This post was supposed to be about the layering in my sample project, but I thought I would talk a bit about TDD as its new to me. This is by no means an exhaustive post on TDD

Test Driven Development

TDD could be told as an approach in development, where we are writing tests to know the area for which we are building the software. Tests written during the development phase helps you in understanding the domain, and, after development tests helps us document that system. Following are a few things about TDD that I have understood The Steps

  1. We write a failing test. We have to identity whether the test is testing what is intended in this step.
  2. We make sure the test written in step 1 passes.
  3. We refactor the code written in step 2. ​ We can also segregate a single test into 3 sections viz. Arrange– Where we setup everything that is there to test, Act– We do everything there is to do with the test, Assert– We check our assertions to be true or not.

But its hard to test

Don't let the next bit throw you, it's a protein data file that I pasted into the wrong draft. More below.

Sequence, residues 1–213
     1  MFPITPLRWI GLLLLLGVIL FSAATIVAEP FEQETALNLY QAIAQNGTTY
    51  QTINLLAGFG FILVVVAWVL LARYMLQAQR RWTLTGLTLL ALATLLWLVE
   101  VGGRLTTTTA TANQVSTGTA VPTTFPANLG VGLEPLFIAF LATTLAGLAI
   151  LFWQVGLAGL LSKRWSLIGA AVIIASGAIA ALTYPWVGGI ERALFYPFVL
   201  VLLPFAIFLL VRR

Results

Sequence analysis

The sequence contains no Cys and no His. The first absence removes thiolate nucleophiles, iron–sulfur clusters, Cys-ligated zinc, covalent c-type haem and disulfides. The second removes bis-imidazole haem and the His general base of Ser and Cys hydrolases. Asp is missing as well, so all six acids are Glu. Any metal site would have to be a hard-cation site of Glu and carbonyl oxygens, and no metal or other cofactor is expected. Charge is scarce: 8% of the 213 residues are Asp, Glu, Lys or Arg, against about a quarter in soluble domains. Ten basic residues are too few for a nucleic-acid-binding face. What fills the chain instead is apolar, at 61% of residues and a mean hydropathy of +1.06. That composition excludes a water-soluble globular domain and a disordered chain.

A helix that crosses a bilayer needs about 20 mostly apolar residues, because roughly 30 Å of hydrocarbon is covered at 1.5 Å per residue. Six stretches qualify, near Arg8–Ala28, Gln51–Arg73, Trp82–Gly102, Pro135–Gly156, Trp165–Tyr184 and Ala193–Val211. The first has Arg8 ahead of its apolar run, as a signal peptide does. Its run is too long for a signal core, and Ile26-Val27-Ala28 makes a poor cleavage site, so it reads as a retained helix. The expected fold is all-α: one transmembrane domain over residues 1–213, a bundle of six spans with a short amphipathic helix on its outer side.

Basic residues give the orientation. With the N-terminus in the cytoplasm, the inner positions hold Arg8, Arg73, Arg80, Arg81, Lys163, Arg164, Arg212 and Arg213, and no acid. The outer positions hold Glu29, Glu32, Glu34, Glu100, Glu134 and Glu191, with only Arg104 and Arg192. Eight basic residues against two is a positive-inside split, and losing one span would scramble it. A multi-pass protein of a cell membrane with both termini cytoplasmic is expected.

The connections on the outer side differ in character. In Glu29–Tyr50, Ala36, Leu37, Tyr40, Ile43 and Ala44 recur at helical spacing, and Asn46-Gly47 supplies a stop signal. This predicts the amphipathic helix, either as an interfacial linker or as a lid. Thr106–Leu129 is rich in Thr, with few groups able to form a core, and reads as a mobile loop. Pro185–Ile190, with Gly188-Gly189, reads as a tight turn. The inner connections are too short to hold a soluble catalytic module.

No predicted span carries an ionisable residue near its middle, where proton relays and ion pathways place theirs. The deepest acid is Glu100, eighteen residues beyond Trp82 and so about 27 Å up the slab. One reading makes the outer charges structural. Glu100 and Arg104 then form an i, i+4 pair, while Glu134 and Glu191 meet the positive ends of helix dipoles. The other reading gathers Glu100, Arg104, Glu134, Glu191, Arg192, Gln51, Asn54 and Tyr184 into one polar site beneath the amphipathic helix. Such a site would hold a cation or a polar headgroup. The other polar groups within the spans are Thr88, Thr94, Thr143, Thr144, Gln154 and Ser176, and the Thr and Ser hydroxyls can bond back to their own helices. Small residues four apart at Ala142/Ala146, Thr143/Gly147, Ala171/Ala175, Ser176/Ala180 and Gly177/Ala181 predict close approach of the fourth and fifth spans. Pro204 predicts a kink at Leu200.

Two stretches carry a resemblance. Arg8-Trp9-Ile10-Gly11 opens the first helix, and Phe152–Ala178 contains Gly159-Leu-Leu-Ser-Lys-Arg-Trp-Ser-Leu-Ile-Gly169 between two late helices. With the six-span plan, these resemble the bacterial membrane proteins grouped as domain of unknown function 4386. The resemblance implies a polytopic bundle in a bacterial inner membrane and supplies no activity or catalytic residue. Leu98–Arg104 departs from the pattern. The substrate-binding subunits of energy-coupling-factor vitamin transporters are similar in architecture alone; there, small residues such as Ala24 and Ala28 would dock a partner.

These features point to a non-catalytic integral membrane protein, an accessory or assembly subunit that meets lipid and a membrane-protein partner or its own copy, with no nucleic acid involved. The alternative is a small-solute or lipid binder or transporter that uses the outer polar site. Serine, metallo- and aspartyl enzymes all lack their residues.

There are certain areas that are hard to test, like UI ( Its all the more reason to split the UI aspects from the domain model ). Then there is the database which makes it even harder to test. Why? because working with actual db is cumbersome, we have to maintain the state of database for every run of the test. This could be done for integration test, but while in development stages, stubs or mocks could be used, and lastly there is the code of the tests themselves which we’ll have to maintain, but that should be ok, because the tests helps a lot in doing maintenance work.

Stubs and Mocks

There will certain areas in our development which when tested might be too slow or difficult to setup for example the UI or the database operation. To overcome these difficulties we can use stubs or mocks.

A stub is a light weight implementation of a real object. It is a way to setup the expected values that can be used within the test. In tests stubs we create a class that impersonates the actual class that we have to test. For example if we are to test a class that does database operations, we create a stub class that is free of the database and use this stub class in our tests. The thing to note here is that we are testing the database operation methods and not the actual database call and also we provide the input and the output via the stubs. A mock is also an implementation of a real object, but unlike stubs we can set our expectations in mocks on how it should be used and it also provides self validations on the expected results. Mocks are usually created frameworks.

You can read about the differences between mocks and stubs here

I will be writing more on TDD as I dwell more into the development of the sample application.